Fellowship of Christian Athletes seeks to bring faith to the game

Members+of+the+Fellowship+of+Christian+Athletes+meet+in+a+small+group+to+discuss+strategies+to+follow+Christ+at+their+first+meeting+in+September.+FCA+meets+on+the+football+field+at+6+p.m.+every+Monday%2C+and+all+Christian+denominations+are+welcome.

Caroline Ragland

Members of the Fellowship of Christian Athletes meet in a small group to discuss strategies to follow Christ at their first meeting in September. FCA meets on the football field at 6 p.m. every Monday, and all Christian denominations are welcome.

Athletes from around the school come together in fellowship. Each person has three things in common; their love for the game, their love for each other and their love for God. 

Canyon High School’s chapter of Fellowship of Christian Athletes will continue meeting Monday nights at 6 p.m. on the football field. Members have the opportunity to share testimonies with other students during the meetings said junior Taylor Thomas, who plays varsity basketball, volleyball and runs track in addition to being involved in FCA.

“We’ll have special visitors from W.T., coaches’ wives or parents that will share what we need to know about walking with Christ,” Thomas said. “I think a lot of us can go through the motions and have a negative outlook toward everything school related. Going to FCA gives you something to look forward to. You’re not going to lose anything by coming to a meeting. FCA is an hour where you can fellowship with your fellow students and have a good time.”

FCA is an hour where you can fellowship with your fellow students and have a good time.”

— Brandel Barrett, 12

Along with different types of service projects throughout the school year, senior Brandel Barrett said one of the fellowship’s goals is to give students a chance to live by Christ every day.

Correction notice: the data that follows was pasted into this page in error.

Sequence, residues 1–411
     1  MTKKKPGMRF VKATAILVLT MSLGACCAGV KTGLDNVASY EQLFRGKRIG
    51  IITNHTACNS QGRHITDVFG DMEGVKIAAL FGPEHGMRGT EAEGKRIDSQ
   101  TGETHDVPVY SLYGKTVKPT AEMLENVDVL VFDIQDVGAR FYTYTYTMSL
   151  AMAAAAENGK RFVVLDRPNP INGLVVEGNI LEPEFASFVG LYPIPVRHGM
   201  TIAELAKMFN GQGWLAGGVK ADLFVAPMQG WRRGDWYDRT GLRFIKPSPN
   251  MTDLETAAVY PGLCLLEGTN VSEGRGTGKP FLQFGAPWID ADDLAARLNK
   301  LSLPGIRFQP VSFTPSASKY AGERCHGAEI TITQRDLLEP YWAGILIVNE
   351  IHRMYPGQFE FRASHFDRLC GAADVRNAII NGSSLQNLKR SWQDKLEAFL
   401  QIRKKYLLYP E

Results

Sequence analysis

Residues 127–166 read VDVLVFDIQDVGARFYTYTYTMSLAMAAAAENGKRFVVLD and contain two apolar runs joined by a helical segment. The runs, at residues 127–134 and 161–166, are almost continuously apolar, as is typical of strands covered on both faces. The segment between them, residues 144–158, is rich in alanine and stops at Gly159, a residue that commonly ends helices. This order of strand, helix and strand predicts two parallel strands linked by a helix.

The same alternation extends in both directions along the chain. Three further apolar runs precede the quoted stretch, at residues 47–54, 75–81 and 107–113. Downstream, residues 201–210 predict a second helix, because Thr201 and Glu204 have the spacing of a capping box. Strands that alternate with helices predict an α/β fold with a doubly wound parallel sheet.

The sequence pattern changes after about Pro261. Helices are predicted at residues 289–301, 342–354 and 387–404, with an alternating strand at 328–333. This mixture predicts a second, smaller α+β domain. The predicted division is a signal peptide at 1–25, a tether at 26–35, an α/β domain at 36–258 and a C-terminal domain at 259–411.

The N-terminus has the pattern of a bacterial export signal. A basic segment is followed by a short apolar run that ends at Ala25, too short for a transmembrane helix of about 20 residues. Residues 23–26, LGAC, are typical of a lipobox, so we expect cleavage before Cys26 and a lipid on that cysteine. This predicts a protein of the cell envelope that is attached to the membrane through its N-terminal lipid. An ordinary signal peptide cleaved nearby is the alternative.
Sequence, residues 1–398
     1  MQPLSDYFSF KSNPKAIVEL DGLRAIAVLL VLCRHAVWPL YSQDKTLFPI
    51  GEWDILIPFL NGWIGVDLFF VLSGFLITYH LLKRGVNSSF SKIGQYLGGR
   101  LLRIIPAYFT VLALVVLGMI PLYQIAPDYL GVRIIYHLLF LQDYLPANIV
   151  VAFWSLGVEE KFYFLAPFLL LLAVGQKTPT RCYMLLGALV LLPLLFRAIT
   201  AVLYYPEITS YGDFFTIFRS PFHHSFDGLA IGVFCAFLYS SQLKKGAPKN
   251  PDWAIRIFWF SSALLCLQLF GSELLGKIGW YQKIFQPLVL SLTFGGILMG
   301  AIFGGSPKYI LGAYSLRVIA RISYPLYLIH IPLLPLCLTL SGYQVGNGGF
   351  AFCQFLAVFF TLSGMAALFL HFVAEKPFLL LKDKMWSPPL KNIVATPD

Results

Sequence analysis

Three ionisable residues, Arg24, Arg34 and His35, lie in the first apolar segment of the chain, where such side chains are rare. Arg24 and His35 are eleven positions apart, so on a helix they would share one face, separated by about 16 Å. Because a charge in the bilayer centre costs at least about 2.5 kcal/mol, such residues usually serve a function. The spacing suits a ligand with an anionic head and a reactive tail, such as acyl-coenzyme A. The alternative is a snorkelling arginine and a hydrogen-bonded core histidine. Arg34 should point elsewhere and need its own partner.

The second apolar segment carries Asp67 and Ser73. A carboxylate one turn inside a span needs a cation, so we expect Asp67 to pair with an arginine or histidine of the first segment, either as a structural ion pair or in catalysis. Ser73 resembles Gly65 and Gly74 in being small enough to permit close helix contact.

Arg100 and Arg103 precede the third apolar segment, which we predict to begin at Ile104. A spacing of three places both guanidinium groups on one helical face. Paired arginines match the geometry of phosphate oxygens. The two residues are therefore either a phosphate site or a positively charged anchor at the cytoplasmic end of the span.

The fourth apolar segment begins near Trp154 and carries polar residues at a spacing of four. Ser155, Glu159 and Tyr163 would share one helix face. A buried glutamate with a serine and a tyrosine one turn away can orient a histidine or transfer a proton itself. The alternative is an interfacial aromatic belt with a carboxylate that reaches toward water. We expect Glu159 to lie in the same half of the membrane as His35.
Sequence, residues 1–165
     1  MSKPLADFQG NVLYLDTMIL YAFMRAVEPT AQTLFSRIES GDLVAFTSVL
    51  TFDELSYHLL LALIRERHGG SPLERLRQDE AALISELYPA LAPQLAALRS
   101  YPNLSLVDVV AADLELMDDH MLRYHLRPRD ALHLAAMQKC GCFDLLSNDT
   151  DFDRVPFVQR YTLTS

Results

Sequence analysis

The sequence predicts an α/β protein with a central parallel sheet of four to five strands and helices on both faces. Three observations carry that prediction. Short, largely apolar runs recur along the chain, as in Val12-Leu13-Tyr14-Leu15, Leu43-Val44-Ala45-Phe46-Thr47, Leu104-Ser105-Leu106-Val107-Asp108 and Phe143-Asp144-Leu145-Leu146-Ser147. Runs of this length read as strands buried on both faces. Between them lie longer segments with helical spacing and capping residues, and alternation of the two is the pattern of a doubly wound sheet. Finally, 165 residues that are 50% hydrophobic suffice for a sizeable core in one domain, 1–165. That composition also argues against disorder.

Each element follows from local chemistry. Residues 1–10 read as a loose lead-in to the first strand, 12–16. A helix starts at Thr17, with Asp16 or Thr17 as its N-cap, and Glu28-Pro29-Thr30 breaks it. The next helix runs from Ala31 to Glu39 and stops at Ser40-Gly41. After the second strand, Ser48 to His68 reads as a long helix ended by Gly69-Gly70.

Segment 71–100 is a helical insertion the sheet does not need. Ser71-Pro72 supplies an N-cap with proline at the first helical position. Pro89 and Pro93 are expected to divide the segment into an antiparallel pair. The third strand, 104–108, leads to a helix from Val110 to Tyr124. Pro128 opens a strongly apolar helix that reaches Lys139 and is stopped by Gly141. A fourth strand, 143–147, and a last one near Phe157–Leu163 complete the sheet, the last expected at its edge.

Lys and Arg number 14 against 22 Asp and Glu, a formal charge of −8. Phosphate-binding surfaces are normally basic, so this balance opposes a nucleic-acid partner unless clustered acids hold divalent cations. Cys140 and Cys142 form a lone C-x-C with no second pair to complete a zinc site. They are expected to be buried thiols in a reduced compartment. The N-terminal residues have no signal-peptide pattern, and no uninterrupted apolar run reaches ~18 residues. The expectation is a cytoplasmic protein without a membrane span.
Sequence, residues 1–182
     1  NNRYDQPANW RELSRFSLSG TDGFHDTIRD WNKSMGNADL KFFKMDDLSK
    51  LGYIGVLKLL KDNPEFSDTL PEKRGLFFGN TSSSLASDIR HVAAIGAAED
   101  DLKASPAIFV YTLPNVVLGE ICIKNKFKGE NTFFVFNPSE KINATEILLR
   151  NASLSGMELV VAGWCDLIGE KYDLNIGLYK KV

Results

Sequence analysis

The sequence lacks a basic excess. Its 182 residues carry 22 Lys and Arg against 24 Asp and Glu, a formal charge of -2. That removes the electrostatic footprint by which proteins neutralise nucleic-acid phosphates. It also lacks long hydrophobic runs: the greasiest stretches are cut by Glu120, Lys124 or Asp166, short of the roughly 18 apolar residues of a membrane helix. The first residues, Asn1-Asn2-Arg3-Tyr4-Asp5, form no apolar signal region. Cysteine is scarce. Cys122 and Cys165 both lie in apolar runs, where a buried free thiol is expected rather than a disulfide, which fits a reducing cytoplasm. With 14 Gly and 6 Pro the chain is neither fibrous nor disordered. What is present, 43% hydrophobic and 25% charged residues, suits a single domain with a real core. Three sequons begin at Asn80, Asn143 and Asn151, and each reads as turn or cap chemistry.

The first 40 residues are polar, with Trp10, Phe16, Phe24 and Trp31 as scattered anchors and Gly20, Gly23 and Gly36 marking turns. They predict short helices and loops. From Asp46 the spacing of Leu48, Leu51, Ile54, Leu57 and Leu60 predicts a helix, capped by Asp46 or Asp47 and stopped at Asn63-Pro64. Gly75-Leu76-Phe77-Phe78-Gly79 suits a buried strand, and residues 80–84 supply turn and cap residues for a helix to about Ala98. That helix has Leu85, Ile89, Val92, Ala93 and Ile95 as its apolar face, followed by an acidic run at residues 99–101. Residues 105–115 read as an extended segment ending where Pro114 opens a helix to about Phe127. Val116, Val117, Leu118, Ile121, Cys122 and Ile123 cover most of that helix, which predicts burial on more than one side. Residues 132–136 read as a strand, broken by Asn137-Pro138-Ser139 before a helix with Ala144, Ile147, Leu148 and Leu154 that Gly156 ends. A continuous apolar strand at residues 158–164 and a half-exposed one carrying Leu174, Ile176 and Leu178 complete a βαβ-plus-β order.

“We play sports for the glory of God,” Barrett said. “FCA helps us make sure He is the reason why we are playing. Our main goal is to set examples for others across the school. Sports has an influence in school, and we use Christ as a way to do that.”

FCA is open to all Christian denominations. Barrett said FCA influences how its members act on and off the field. 

“We’ll pray before games,” Barrett said. “We try to lead by example and do good things everyday. Anybody can come to an FCA meeting. Our goal is to accept everybody into our group.”

FCA meetings are open to the entire student body. FCA president and senior Jack McKay said FCA is a place that aims to make students feel comfortable. 

“It’s a safe place to focus on God,” McKay said. “FCA gives people who are constantly struggling with temptation to go out and party or make the wrong choices a place to go. It’s a lot of students being together for God. It’s a lot of students talking about Christ. The leadership is more with the students.”

Nobody is worthy of God’s love, so who are we to reject anybody who wants to talk about Christ.

— Jack McKay, FCA president

Head soccer coach and varsity football coach Matt McCloskey sponsors the club. McKay said FCA gives members the ability to make an impact around the school. 

“There’s not a lot of places where 16, 17 and 18-year-olds can go and share their faith and talk about their relationship with Christ,” McKay said. “FCA is one of those organizations where we can grow with each other, and we can learn from our mistakes. There’s a lot of places you can go and listen, but not a lot of places you can go and engage with other people your age.”

McKay said although FCA was founded by athletes, the club is for everyone.

“Striving to know God is where we all are,” McKay said. “People think if you don’t play sports, you can’t go. In reality, that’s the opposite of what we’re about. Nobody is worthy of God’s love, so who are we to reject anybody who wants to talk about Christ. If you have any urge to learn about God or grow at all or talk to people about God, come to an FCA meeting. Everyone is there to grow with you in faith.”